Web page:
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The eternal present is basically a timeless, atemporal time. It is a theological notion, of course, and may be interpreted in two ways. God does not need time, for He created it, and exists ontologically independently of it. But theologians tend to think that both the saved and the damned will still experience something like time, for, as Kant put it in “The End of All Things,” a state in which there is no time is a dreadful state, since no change, no reflection, no emotion, no pleasure, and no pain is conceivable there. But, as he himself stresses, we cannot help yearning for eternity, which must, therefore, contain something humane as well. For him it is our eternal, unchanging moral maxims that give us a pre-taste of an eternity that is not inhumane. For theologians, the saved live in the state of the visio beatifica, enjoying the sight of God, yet they are still waiting not only for a new Heaven but also for a new Earth.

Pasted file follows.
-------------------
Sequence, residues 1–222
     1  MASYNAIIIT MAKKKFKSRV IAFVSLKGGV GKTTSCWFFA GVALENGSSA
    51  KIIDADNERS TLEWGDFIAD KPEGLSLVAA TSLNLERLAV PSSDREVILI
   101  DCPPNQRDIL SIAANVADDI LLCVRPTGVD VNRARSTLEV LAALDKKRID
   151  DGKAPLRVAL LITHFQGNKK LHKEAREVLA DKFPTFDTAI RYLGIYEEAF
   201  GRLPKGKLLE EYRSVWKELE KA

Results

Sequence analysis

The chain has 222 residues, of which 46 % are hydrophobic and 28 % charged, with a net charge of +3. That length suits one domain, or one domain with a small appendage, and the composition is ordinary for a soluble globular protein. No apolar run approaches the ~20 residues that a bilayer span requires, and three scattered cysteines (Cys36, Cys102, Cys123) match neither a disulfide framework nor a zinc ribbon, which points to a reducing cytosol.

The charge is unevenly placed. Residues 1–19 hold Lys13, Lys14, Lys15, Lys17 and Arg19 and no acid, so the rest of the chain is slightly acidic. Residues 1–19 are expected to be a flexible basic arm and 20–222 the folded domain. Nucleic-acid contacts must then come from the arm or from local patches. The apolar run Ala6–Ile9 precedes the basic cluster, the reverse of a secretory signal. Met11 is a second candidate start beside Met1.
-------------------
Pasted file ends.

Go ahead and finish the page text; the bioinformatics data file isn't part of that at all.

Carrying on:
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How can such a relativized, that is, not entirely atemporal, conception of the eternal present make sense in our world? Only analogically, of course. But analogies must be grounded in aspects of real identity.